The answers you came up with about industry life cycle and growth rate will help you get an idea of the general trends in your industry. The next set of questions is about competition of all kinds and will give you an idea of who your competitors are and where you may have advantages.

  • How many competitors are in your industry? How many will there be within three to five years? Will the industry consist of a lot of small players, or is it going to consolidate and be dominated by a few large companies? Will there be more or fewer competitors within three to five years?
  • Who are the major players now, and who do you believe will go on to become the major players within three to five years? You may want to make some notes about why you’ve made those judgments; they’ll come in handy when you compare your list with the ones created by other team members.
  • What is your current market share versus your competitors? What do you expect it to be within three to five years?
  • How much money do you really need to win in this industry? How much capital do you need right now and within the next three to five years?
  • Globalization is significantly affecting many industries now. What impact do global competitors have on your industry? How will that change within the next three to five years? What companies and countries are we talking about? Why will they affect your market?
  • What about this concept of commoditization? In an industry that’s become commoditized, all the product and service offerings are perceived as essentially the same. When that happens, price is the only way to distinguish among competitors.

Right now, you probably think you’re different, but are you really?

  • How differentiated are you from your competitors?
  • More important, what do your customers think? If you haven’t done so recently, you may want to talk to a few customers before you answer this question.

Another way to come at this is to answer these questions:

  • How price competitive is your industry?
  • Will this change within three to five years? Why?
  • Who in your industry has cost advantages?
  • Who will have cost advantages within the next three to five years?

Let me give you some thought starters. Consider the following:

  • Who in your industry has economies of scale?
  • Who has a leaner cost structure?
  • Which competitors are outsourcing? Companies often do that to reduce costs.

Now review those same questions, but while looking out three to five years.

Next, analyze sustainable competitive advantages. Start with your own company:

  • Do you have a sustainable competitive advantage, something that cannot be copied easily?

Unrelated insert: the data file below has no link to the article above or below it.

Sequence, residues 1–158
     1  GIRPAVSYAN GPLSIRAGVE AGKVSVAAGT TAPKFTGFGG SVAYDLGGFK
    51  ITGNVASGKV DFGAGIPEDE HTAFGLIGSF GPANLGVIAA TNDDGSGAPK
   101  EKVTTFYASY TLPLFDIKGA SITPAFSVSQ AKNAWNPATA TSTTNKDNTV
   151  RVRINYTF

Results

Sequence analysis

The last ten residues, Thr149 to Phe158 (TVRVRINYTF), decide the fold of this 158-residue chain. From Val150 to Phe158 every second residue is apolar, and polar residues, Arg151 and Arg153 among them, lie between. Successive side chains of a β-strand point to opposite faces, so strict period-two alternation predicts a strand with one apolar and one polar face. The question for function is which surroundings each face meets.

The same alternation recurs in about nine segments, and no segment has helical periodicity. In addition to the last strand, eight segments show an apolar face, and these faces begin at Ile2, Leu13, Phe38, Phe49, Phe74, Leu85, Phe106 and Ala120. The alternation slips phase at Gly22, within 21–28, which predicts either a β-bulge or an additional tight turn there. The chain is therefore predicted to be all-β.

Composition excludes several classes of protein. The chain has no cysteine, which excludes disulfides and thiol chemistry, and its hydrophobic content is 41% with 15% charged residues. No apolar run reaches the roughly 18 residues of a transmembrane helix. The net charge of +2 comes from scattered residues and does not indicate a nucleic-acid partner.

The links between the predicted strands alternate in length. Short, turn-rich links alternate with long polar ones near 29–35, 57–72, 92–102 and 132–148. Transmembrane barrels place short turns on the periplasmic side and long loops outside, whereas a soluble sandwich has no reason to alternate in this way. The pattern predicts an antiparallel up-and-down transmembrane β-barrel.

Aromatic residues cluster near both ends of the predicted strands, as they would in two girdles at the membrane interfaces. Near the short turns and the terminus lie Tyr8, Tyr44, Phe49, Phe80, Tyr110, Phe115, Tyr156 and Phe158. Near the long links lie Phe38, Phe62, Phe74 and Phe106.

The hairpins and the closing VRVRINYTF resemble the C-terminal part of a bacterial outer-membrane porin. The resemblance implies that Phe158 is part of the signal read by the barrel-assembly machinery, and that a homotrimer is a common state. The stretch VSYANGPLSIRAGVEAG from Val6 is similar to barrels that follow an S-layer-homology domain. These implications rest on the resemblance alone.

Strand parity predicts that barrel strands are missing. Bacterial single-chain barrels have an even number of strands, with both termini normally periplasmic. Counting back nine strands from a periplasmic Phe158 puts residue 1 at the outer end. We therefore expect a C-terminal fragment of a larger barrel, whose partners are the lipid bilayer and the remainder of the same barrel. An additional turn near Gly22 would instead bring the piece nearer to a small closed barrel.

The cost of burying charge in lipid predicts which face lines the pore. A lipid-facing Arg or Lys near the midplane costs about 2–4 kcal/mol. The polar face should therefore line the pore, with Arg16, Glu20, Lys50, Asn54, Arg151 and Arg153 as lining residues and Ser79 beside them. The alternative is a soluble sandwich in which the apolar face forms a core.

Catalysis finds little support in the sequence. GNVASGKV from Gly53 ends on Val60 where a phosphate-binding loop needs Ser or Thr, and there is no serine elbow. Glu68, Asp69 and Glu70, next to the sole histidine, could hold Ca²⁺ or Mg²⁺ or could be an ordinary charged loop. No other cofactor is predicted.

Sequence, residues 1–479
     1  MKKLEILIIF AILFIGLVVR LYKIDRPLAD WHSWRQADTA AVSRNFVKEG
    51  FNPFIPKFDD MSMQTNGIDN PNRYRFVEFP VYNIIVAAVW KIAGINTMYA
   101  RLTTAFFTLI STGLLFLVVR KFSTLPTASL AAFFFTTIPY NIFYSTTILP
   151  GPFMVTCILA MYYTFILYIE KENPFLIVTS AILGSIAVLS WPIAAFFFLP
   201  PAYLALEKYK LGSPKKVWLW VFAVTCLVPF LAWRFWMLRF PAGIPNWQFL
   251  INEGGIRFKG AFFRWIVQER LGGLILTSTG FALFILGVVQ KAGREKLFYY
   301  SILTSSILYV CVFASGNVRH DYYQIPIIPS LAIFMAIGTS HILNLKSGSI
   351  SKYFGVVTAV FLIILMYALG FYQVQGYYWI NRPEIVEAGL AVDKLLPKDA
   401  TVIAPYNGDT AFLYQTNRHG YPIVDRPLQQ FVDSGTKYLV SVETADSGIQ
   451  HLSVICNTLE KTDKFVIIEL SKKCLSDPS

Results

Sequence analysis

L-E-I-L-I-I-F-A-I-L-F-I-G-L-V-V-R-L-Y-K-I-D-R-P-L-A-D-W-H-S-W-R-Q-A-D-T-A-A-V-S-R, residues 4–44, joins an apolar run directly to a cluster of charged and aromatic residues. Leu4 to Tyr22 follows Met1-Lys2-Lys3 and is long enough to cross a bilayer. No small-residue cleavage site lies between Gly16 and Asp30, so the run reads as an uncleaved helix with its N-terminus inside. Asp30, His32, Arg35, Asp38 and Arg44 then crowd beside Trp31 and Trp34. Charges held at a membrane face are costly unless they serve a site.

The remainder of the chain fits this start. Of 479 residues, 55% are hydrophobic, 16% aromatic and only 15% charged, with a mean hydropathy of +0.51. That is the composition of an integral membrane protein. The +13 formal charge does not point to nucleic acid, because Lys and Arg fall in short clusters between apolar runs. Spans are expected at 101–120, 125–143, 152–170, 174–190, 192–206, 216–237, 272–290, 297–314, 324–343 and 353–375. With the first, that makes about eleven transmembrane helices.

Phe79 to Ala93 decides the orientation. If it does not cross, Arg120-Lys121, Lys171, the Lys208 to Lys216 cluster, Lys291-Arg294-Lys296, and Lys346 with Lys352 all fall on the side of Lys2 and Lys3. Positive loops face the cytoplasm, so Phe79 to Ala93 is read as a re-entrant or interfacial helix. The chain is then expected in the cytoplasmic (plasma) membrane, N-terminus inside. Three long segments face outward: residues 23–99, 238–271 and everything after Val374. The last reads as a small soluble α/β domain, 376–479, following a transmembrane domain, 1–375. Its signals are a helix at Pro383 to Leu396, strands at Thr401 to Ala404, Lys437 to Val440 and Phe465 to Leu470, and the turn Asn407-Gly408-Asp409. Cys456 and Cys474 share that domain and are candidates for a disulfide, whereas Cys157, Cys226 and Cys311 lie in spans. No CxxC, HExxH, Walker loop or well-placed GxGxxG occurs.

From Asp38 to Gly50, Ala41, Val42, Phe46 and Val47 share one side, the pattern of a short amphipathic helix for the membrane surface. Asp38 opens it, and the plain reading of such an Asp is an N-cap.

• What about the firms you compete with?
  • Now, look three to five years out. What do you see then?

Here’s something I want you to look at closely:

  • Are any of your advantages really sustainable? Is anything a sustainable advantage that is based on intellectual property where underlying patents may be expiring? Be honest. How hard would it really be for a competitor to replicate what you do?
  • Which competitors are likely to engage in “spoiler tactics” like predatory pricing, price wars, or product dumping? This typically occurs in a mature industry, when some large players are desperately trying to hang on to the status quo. They may bring in teams of lawyers to prevent new entrants and substitute players from getting off the ground. How do you see it now and within three to five years?

Now, step back for a moment and consider:

  • What key moves do you think your competitors are likely to make in the near future? What about within the next three to five years?

Here’s the big question:

  • Based on what you’ve uncovered in Rivalry among Existing Competitors, what Strategic Moves do you need to make to address the issues you have identified, now and within the next three to five years?

Highlight your answers to this last question so you can revisit them later.

Threat of New Entrants

New entrants can easily weaken your position if it doesn’t cost much in terms of time, money, or skill to enter the industry. It’s easier for newcomers to enter if there are no incumbents with economies of scale. It’s easier if there’s little or no protection for key technologies or if new entrants can bring significant cost advantages to the market. On the other hand, if barriers to entry are high, your competitive position is somewhat protected.

  • Are there any industry barriers to prevent new entrants from coming into your industry right now? What about within the next three to five years?
  • What are the capital requirements that new companies must come up with in order to enter your industry? How much money do they need to get started and get underway? What about within the next three to five years; how do you see that changing?
  • Are there any new, potentially disruptive competitors sneaking in under the radar? Are they offering what the incumbent firms might currently consider to be “inferior” products? Are they starting to gain traction by serving the low-cost, low-profit part of the industry?